Mix this in, too: When Orlando was shopping Marcin Gortat around, the Magic hoped for Martin in exchange. Houston wouldn't bite … so Gortat goes to Phoenix and the Rockets are looking for something superior to The Polish Hammer.
The Price for Iggy – The buzz is that Portland – desperate to shake things up again – recently offered a package of Pryzbilla/Batum package to the Sixers for Andre Iguodala and Philly turned them down.
Batum, of course, was over the summer considered valuable enough to draw offers of high lottery picks.
So how much does Dallas (which liked Iggy enough to ponder a trade last February before doing the Caron Butler deal instead) want to give up? And does Iggy help more than Kevin Martin would?
Ah, to be the Lakers – Simply put, the defending champs do not need to bother with such matters.
LA this week acquired an extra big, Joe Smith, in the three-team deal involving the Rockets and the Nets. Moved out was Sasha Vujacic, no longer in favor with the club and a financial burden.
Yes, the Lakers can do a salary dump and not get criticized for it.
The Celtics Understand What December Means – Delonte West goes down. Shaq goes down. Jermaine O'Neal goes down. Now Rondo's gone down.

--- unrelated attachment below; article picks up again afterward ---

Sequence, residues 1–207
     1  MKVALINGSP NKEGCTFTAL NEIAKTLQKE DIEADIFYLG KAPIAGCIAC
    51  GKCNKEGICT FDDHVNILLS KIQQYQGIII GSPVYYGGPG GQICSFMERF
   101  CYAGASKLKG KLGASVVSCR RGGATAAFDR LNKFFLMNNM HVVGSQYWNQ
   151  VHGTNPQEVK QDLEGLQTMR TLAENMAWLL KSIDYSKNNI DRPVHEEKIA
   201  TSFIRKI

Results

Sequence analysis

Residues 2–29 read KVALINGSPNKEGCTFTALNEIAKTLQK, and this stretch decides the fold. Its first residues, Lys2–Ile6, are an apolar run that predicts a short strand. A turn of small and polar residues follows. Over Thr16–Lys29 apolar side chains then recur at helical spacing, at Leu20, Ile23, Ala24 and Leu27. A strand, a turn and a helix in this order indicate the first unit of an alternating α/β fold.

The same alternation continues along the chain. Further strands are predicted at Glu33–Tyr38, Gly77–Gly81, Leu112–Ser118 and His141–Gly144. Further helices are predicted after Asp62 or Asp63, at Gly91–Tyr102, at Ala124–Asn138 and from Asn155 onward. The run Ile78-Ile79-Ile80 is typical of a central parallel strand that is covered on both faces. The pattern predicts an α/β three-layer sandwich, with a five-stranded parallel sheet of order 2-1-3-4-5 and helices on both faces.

Boston, off to a 21-4 start and fortified with a "been-there/done-that'' mindset -- doesn't flinch.
GM Danny Ainge and coach Doc Rivers have assembled a cast of extremely malleable parts. That malleability may experience some stretching during upcoming moments … the other night, Nate Robinson and Turkish big man Semih Eerden started and Avery Bradley and Luke Harangody were elevated to rotation-level players … but Boston understands that December is something to endure on the way to June.
The Knicks Cannot Stand Pat – The Knicks are relevant. Relevant enough to appear twice in three days on ESPN's prime-time telecast. Relevant enough to be on the coattails of MVP candidate Amare Stoudemire. Relevant enough to have almost beaten the Celtics. …
But as the Knicks will learn, it is much easier to vault from "lousy to good'' than it is to climb from "good to great.'' Getting credit for "almost beating the Celtics'' in a home game at Madison Square Garden isn't quite the foundation of a title contender.
But trading for Carmelo Anthony is.
New York doesn't have swap-worthy pieces on the same level with New Jersey. (Or, for that matter, with Dallas, which would trade a kitchen sink of assets for ‘Melo, even without him signing an extension.) But ‘Melo has leverage here, because of his impending free agency.
The Knicks need to "shake it up'' – but they need ‘Melo to grab hold and help with the shaking.
The weekend revelation that has Anthony saying he'd sign an extension with whichever club acquires him is lovely … but it does little for the Dallas cause here, by the way. The Mavericks are interested regardless of his extension thoughts … and the Nuggets are reluctant to swap him within the conference.